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New Zealand - Overview
The culture of the country has been strongly influenced by the native Maoris and the early European settlers. The Maori culture is seeing something of a revival and now their art is becoming part of the mainstream, with some artists combining Maori art with that of other cultures. The Maoris were the first people to inhabit New Zealand although their history there dates back to 1000AD, making New Zealand one of the youngest countries in the world in terms of human habitation. A Dutch explorer called Abel Tasman visited the islands in 1642, followed by James Cook in 1769. Britain formally took control of the islands in 1840.
The government of New Zealand is a democracy and the country is part of the Commonwealth. The head of state is still officially Queen Elizabeth II of Great Britain, and New Zealand is governed by a Prime Minister although Britain has a Governor-General in the country.
New Zealand is an island country with two main islands, known as North Island and South Island. In addition there are a number of smaller islands dotted around the coastline. The country lies 1500km to the east of Australia. The landscape in the country is varied, from dense forests to open countryside and in recent years a number of large budget films have been produced in New Zealand.
The two islands are separated by a stretch of water known as the Cook Strait. This is 22km wide at the narrowest point between the two islands. The islands along the coastline which are inhabited include Stewart Island, Great Barrier Island, the Chatham Islands, Waiheke Island and d’Urville Island. Some islands have very few people living there.
The population of the country is approximately 4.5 million. Wellington has a population of around 170,000, while Auckland has a population of almost 370,000 and Christchurch has 340,000 inhabitants. The South Island has a population of less than 1.1 million while the North Island has a population of around 3.5 million. Of the other islands, Stewart Island has a population of less than 500 people and Chatham Island has around 600 inhabitants. Great Barrier Island has a population of almost 900 people and d’Urville Island has less than 100 people. Waiheke Island has almost 8000 people living there. In addition there are many smaller uninhabited islands, some of which are now nature reserves.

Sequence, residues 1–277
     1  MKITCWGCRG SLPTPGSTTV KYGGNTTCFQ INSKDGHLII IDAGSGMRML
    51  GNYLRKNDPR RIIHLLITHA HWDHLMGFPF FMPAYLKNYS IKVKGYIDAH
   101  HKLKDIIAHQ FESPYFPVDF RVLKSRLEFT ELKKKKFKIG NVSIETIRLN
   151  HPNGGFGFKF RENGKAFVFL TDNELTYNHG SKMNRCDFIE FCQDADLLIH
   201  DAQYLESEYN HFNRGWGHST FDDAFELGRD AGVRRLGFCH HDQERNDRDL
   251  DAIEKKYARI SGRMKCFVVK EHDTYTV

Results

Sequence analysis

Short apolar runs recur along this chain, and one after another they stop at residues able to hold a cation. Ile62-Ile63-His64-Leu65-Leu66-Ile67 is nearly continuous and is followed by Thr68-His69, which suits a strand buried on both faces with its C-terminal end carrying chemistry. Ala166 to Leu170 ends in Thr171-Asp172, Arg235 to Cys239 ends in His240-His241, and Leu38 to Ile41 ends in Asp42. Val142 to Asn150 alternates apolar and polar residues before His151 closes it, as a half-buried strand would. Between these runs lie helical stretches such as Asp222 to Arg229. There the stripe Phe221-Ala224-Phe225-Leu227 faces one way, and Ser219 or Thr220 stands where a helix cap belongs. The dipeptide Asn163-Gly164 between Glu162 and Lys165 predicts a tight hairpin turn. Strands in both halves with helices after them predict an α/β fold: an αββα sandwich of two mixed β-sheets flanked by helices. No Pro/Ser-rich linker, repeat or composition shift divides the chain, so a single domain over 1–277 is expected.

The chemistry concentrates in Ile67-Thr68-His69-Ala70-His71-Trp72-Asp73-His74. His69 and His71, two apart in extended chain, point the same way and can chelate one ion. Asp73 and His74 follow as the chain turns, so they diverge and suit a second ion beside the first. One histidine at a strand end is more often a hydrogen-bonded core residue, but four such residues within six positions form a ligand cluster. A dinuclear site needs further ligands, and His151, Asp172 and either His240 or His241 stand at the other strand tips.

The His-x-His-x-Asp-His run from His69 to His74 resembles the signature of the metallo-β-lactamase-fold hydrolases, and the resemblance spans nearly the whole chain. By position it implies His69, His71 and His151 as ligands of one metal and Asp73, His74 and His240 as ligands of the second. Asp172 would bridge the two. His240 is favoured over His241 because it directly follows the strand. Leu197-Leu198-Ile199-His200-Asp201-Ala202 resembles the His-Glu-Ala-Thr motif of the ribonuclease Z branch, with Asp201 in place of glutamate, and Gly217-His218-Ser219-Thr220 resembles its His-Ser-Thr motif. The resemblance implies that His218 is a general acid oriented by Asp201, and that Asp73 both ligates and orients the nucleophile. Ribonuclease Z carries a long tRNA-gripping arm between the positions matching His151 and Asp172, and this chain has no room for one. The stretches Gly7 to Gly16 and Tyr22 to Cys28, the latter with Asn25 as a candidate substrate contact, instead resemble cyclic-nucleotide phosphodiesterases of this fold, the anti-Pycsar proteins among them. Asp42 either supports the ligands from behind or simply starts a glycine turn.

New Zealand is a fairly narrow country, just 400km wide at its widest point, although it is long, with a length of more than 1600km. As islands, there are more than 15,000km of coastline. The beaches on the northern and eastern parts of the North Island tend to be sandy and attract a lot of swimmer and sunbathers. The northern beaches of the South Island are similar although the southern beaches are much wilder. The South Island is the largest and has a mountain range dividing it known as the Southern Alps. Large parts of both islands are mountainous, with around 20% of the North Island and 66% of the South Island covered in mountains. As the mountains have eroded over the years plains have been formed on both islands which have become rich farmland and agriculture has become a major part of the New Zealand economy.
New Zealand has been divided into 16 regions with 11 run by regional councils that are elected and 5 with a territorial council. These have been sub-divided into a total of 67 territorial authorities. The country was formerly divided into provinces but these had more control over governing their own areas than the regional councils do now. Some of the smaller islands do not fall under any of these regions but do have their own councils for day to day running of services.
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